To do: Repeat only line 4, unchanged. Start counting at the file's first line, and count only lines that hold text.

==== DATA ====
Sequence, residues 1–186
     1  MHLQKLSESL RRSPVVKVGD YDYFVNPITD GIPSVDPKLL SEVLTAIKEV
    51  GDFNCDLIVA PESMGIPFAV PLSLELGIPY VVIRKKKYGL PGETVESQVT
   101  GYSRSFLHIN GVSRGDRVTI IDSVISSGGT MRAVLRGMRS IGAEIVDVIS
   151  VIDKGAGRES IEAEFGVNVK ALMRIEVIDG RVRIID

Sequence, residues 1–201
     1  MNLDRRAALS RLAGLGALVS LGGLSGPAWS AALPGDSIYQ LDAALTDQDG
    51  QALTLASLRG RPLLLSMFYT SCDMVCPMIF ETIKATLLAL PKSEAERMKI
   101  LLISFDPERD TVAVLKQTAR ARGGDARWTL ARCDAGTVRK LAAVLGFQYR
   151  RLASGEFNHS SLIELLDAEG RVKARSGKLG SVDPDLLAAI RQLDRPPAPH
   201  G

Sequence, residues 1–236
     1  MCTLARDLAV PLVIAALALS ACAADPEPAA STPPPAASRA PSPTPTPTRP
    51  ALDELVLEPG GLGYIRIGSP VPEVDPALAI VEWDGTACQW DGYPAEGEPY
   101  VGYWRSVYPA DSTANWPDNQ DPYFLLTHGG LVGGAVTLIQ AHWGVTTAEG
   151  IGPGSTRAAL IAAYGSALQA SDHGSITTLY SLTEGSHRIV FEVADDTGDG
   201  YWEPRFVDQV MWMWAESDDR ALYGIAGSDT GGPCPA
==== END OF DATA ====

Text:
   101  GYSRSFLHIN GVSRGDRVTI IDSVISSGGT MRAVLRGMRS IGAEIVDVIS